The Republican Presidential Primary is Trump’s to Lose

Kash Jain ’24

Opinion Editor

With just over four months left until the 2024 Iowa Republican presidential caucuses, the contest to decide who will face President Joe Biden next November doesn’t seem particularly competitive.

Despite a primary crowded with big names, one towers above all: former President Donald Trump, attempting a comeback bid. Trump has sat at or above 50% in national polling for the entire duration of the primary. His decision not to appear among his fellow candidates at the first debate has hardly impaired his chances; he remains a clear favorite among potential primary voters and, thus, a clear favorite for the nomination. At present, he appears to be headed for a commanding victory, a far wider margin than his 2016 plurality win. 

The former president’s primary opposition comes from Florida Governor Ron DeSantis, who once appeared to be a formidable opponent. For a moment, it seemed as though DeSantis could sell himself as an alternative to Trump: far-right, but without the brash rhetoric. Whether the portrait of DeSantis painted by Republican electeds and operatives was ever truly accurate is questionable; regardless, the hopes of his candidacy have fallen with his polling. Vivek Ramaswamy, a businessman with bold policy stances, has gained some ground and significant attention from voters and the media, but he’s struggled to break even 10% in the polls. 

Outside of DeSantis, the only current office-holders are South Carolina Senator Tim Scott, who lacks a single notable policy difference from Trump, and North Dakota Governor Doug Burgum, a name that elicits little more than “who?” The rest of the field consists of has-beens, people whose titles are delivered with “former” before them. These are names that may still carry weight, but not enough to propel one to victory at the national level.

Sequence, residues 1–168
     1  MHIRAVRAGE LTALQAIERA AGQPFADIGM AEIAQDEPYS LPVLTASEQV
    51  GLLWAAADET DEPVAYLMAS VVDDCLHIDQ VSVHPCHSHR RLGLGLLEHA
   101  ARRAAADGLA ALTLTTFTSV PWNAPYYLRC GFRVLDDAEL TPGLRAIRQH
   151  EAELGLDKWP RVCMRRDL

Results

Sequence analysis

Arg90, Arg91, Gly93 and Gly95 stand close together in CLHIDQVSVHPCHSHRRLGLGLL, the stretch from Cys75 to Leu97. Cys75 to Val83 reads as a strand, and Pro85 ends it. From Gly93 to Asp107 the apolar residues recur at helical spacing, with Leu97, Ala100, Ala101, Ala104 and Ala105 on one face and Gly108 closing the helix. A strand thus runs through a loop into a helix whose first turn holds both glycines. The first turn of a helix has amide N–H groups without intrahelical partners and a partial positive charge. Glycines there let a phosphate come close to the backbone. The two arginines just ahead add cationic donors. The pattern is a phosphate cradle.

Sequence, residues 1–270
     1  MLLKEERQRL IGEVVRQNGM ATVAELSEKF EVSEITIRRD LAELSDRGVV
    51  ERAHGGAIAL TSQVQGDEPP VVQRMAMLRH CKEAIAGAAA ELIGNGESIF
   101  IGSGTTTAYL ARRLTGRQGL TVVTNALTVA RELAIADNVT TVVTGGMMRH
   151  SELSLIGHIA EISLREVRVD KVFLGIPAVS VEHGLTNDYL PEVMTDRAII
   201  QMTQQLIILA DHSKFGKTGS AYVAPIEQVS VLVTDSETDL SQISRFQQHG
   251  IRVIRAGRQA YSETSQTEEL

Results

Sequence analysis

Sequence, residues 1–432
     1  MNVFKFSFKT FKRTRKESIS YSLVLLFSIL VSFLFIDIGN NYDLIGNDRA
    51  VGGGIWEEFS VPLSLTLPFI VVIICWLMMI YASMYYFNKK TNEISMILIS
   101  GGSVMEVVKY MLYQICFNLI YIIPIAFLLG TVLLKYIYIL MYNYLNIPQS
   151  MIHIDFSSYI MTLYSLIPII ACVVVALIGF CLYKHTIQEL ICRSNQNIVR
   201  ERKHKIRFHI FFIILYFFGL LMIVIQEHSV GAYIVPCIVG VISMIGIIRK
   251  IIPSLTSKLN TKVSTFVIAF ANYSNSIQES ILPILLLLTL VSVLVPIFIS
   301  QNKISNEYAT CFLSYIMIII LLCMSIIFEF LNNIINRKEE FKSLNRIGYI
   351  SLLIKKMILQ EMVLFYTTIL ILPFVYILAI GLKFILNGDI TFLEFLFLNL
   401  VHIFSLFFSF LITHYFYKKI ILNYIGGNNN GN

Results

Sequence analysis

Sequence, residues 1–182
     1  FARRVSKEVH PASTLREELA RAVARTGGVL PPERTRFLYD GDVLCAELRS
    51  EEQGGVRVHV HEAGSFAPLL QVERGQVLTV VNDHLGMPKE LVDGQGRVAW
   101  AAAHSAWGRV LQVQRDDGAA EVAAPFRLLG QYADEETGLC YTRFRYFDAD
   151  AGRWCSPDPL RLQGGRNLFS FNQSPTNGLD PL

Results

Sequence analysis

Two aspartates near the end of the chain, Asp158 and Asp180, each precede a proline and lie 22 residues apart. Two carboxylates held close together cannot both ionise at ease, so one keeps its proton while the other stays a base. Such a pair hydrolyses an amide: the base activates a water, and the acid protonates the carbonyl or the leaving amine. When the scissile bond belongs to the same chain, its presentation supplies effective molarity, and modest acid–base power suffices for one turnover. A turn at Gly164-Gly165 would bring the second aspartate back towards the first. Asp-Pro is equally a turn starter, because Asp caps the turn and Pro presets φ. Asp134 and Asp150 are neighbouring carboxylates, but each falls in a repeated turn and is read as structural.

This isn’t to say that a candidate who doesn’t currently hold an elected office is necessarily a poor one — Trump, of course, is a former president, and Biden ran in 2020 as a former vice president. However, most of the “formers” of today are too distant from the modern GOP to be seriously considered by its voters. They’ve been left behind by an increasingly-extreme party governed by activists eager to weaponize political power. 

Beyond his position as token opposition, there’s no demand for a “common-sense” candidate like former New Jersey Governor Chris Christie. There’s no appetite for a foreign-policy focused candidate like former South Carolina Governor Nikki Haley. This is a party whose voters have moved beyond them and aren’t interested in looking back. 

The remaining serious alternatives all share Trump’s far-right stances or have even moved beyond him, like DeSantis and Ramaswamy. Their stances are relevant enough for voters to seriously consider them — but, they both fall to one question: why are they a better candidate than Trump? It’s difficult to find a response, especially given how Trump is perceived by voters. He won nationally in 2016, and many Republican voters still erroneously believe that the 2020 election was stolen from him. Even with the declining support for his brand among the general electorate, Republicans regard him as someone who can win, and they’re still entertained by him.  

The series of indictments against the former president may make him appear worse to many voters, but they only bolster his credibility among Republicans. There is a distinct perception, one that Trump has effectively latched onto: that he is under attack. He is viewed as a political opponent who is being persecuted, someone who is being unfairly targeted and hasn’t done anything wrong.  Seventy seven percent of likely GOP primary voters believe that the indictment in Georgia is politically motivated, and said indictment was followed by a 25% growth in Trump’s margin over DeSantis.  The indictments have created a rally around the flag, as conservatives turn from potential alternatives to support someone they perceive as being under attack. 

While things can always change, Trump’s dominance over the field seems unlikely to fade — if anything, as his legal troubles continue, Republican voters will likely coalesce around him even more. There’s no appetite for a serious, moderate alternative, and even more right-wing ones will struggle to sell themselves over the nationally-tested former President. 

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